• Tripled energy capacity of the anode
  • Faster charging speeds
  • Greater power
  • Reduced graphite
  • Lower cost per kWh
  • Reduced carbon footprint

That was enough to convince GM, which recently participated in a Series C round of funding for OneD. The round closed with $25 million in OneD’s pocket.

As part of the investment, the two companies inked a joint research development agreement aimed at bringing OneD’s silicon technology into GM’s Ultium energy storage family. GM believes that is the first-ever collaboration of its kind between two US companies.

“The focus of the collaboration is OneD’s SINANODE platform, which adds more silicon onto the anode battery cells by fusing silicon nanowires into EV-grade graphite,” GM explained in a press release. “Silicon can store 10 times more energy than graphite. Increasing energy density can open the door to smaller, lighter, more efficient battery packs that could achieve higher driving range at lower cost.”

The arrangement brings OneD’s 15-year, 240-patent experience in EV battery R&D to GM under a licensing business model.

“Series C funds will be used to continue SINANODE research and development, while advancing pilot production and providing OEMs and battery manufacturers a seamless integration into the manufacturing of EV batteries via licensed manufacturing partners,” GM notes.

Wait, What About The Ultium EV Battery?

The new silicon EV battery venture doesn’t mean the Ultium is going away. As GM has frequently stated, the Ultium platform was designed with further improvements in mind, and the company has been ramping up its EV battery R&D wing.

GM launched its new Wallace Battery Cell Innovation Center in Warren, Michigan, earlier this year “to help significantly ramp up development and production of next-generation Ultium batteries, along with production methods that can quickly be deployed at battery cell manufacturing plants.”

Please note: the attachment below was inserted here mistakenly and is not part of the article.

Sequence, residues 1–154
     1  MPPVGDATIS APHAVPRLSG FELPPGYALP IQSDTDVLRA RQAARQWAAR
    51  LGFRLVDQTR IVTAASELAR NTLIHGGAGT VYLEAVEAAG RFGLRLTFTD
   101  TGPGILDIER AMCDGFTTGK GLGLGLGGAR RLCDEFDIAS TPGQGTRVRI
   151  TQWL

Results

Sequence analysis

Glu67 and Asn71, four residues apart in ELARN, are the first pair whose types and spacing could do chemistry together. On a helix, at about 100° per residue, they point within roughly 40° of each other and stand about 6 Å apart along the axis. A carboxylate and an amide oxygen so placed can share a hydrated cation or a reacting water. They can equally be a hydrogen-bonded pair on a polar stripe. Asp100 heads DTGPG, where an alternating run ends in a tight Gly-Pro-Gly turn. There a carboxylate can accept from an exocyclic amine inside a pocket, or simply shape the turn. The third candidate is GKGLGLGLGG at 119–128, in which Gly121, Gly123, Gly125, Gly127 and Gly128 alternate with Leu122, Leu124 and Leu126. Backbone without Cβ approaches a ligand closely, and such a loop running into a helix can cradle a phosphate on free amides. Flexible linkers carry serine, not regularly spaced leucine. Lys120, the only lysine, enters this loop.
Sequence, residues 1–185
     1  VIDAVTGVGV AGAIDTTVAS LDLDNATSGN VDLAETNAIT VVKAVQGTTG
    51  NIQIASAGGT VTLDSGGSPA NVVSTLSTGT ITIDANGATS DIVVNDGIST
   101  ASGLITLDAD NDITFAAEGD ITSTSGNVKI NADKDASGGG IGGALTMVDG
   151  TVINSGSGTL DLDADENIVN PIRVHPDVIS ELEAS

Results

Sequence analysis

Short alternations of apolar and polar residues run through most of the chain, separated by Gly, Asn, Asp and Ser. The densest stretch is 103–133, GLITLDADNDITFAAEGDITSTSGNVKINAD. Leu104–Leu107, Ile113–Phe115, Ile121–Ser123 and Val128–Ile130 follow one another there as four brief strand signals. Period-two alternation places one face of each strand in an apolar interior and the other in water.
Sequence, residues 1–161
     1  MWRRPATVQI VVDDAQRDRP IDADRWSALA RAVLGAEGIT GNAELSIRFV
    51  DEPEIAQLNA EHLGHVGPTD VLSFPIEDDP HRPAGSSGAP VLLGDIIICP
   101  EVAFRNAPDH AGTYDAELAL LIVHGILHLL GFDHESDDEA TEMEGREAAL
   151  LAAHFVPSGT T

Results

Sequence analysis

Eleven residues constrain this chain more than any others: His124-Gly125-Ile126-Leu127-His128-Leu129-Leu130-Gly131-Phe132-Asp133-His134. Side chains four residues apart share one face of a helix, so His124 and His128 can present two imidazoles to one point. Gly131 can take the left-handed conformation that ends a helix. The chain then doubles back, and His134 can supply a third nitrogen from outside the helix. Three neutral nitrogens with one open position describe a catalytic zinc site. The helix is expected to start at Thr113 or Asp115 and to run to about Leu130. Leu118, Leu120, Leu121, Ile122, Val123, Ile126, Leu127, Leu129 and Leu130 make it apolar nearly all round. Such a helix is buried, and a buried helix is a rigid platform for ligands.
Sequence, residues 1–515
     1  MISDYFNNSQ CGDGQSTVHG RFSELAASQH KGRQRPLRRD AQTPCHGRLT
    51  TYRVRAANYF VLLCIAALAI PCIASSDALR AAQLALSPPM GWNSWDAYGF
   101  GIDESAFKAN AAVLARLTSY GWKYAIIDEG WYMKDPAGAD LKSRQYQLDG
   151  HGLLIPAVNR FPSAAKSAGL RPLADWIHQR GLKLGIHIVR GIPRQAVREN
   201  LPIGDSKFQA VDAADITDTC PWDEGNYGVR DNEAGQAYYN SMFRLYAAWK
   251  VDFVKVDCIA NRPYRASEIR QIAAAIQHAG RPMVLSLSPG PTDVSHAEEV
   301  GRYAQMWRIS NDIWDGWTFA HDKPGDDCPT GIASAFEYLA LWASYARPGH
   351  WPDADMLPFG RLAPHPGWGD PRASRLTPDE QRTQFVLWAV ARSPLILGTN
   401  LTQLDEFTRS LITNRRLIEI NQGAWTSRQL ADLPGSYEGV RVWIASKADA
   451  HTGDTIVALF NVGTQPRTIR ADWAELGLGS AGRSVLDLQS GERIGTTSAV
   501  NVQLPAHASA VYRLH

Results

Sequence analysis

GM also notes that it is already scaling up Ultium production. The company currently has one Ultium factory up and running in Ohio, two under construction, and one other in the planning stage.

For the record, the US energy storage R&D specialist Volta Energy Technologies also participated in the Series C round with GM.

Among the cutting edge names on the Volta roster are Ionic Materials of Massachusetts and Solid Power, which also has a silicon anode up its sleeve.

Drive That EV While You Still Can

Considering the state of world affairs, no discussion of personal mobility would be complete without a mention of the movement to create a new, secondary class of citizenship in the US that encumbers the right to travel freely.

Untreated medical emergencies, emotional trauma and other impacts are piling up as new state-based abortion bans sweep across the country, forcing women, girls and other pregnancy-capable people to flee out of state for treatment. Meanwhile, interstate travel for women, girls and other pregnancy-capable people is also under threat, and Republican members of Congress have already set the wheels in motion for a national ban.

Against that backdrop, restricting the right of any pregnancy-capable person to drive a car, whether electric or otherwise, is not all that far off in the future.

Drive, while you can.

Follow me on Twitter.

Photo (screenshot): Silicon-infused graphite for new EV battery, courtesy of OneD Battery Sciences.

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Written By

Tina specializes in military and corporate sustainability, advanced technology, emerging materials, biofuels, and water and wastewater issues. Views expressed are her own. Follow her on Twitter @TinaMCasey and Google+.